Get ready for inevitable chaos in the healthcare industry in January, 2014. Patients are going to show up at a doctor’s office, hospital or other healthcare provider in need of care and be asked to provide proof of insurance. People with Medicare, Medicaid or employer paid insurance cards will have no problem establishing that they have current insurance. Everyone else will have to prove that they have insurance in force and that the provider is included in the insurer’s network. Even if they can do so, they will be asked to pay the deductibles in full or at least to pay up front for the cost of the treatment or procedure.
Millions of individuals are not going to know whether they have an effective insurance policy (whether a new Obamacare approved policy or a previously existing individual policy) in force. If you have enrolled for a Obamacare policy on an exchange, the provider will be at its financial peril to determine whether your policy is in force. Proof that recently applied for Obamacare policies are in force may be difficult to obtain. Because of website deficiencies, you may believe you have enrolled, but haven’t. Only a small percentage of patients will have received a Obamacare exchange insurance card that will in most cases be issued only after the initial premium has been paid. Despite requests from President Obama, insurers may be unwilling to verify that policies are in force, even if they receive notification of a valid exchange website registration, unless they have received payment from the purchaser. Many people, faced with an illness or an injury, will scramble to register on an exchange, or to pay. Insurers will face a problem in calculating the amount of the US government subsidy and the portion of the premium payable by the purchaser of the policy. However, President Obama has offered (based on questionable authority) to advance the subsidies based on estimated amounts (calculated by the insurers) to be finally adjusted at a later date.
Unless the patient has proof of a currently in force individual insurance policy, previous policies that appear in the providers records, may or may not remain in force. The providers will have to attempt to determine the status of the patient’s insurance, on a case by case basis, at the time of service.
Even if the existence of an exchange approved or previously issued individual or employer paid policy is confirmed, deductibles and co-pays become an immediate problem on January 1, 2014. The providers will have to collect the full amount of the deductible and co-pay (if they can determine what they are) in cash or face a collection and bad debt risk. Because deductibles will represent such a large percentage of their fees, providers, except in the case of an emergency, are likely to demand an immediate cash payment for the full cost of the treatment or procedure. Patients who pay cash in an amount which is later determined to be in excess of their deductibles and co-pays may have difficulty recovering such excess amount.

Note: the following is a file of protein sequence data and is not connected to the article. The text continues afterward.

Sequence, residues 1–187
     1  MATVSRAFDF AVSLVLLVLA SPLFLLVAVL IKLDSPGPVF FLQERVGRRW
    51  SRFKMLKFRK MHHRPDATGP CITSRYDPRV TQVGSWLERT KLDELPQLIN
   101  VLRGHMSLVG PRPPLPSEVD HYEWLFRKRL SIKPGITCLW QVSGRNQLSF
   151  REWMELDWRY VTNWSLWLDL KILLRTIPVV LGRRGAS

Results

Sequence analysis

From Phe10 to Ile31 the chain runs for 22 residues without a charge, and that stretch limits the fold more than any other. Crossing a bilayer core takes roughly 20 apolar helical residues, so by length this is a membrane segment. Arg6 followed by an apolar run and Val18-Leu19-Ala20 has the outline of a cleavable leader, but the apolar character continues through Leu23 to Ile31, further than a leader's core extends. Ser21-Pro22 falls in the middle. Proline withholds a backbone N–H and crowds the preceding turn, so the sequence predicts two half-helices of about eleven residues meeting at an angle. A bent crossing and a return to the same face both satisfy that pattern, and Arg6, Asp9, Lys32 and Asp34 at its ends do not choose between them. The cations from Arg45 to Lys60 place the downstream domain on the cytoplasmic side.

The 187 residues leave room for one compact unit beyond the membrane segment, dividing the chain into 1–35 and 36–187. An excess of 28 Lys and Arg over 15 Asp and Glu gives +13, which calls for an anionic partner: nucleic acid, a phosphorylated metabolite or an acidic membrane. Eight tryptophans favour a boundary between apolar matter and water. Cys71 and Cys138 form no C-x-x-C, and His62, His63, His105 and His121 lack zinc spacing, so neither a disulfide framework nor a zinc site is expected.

Healthcare providers, who have chosen a profession of providing care to patients, will often elect to take the credit risk and treat the patient in an emergency situation. Because the fees for services are so low under Obamacare exchange issued policies, some healthcare providers will be unable to bear such credit risks and operate profitably. Many providers will elect not to participate in Obamacare networks.
Many patients will be unwilling or unable to pay and will either forego treatment or go to a hospital emergency room that cannot deny treatment. The collection problem will then be transferred to the hospital. Hospitals (or other healthcare providers) may attempt to take advantage of an opportunity resulting from the large Obamacare premium subsidies to attempt to transfer a portion of the payment for the treatments and procedures they perform to the insurance companies and the US Government. They may (if it is determined to be legal for them to do so) attempt to limit their exposure by advancing the Obamacare exchange policy premium for the patient. The US Government would then become responsible for paying the subsidy. The hospital will still remain at risk for the collection of the deductible and co-pays from the patient, but fees in excess of the deductibles and co-pays (which may be large in the event of a serious illness or injury) will become the responsibility of the insurer.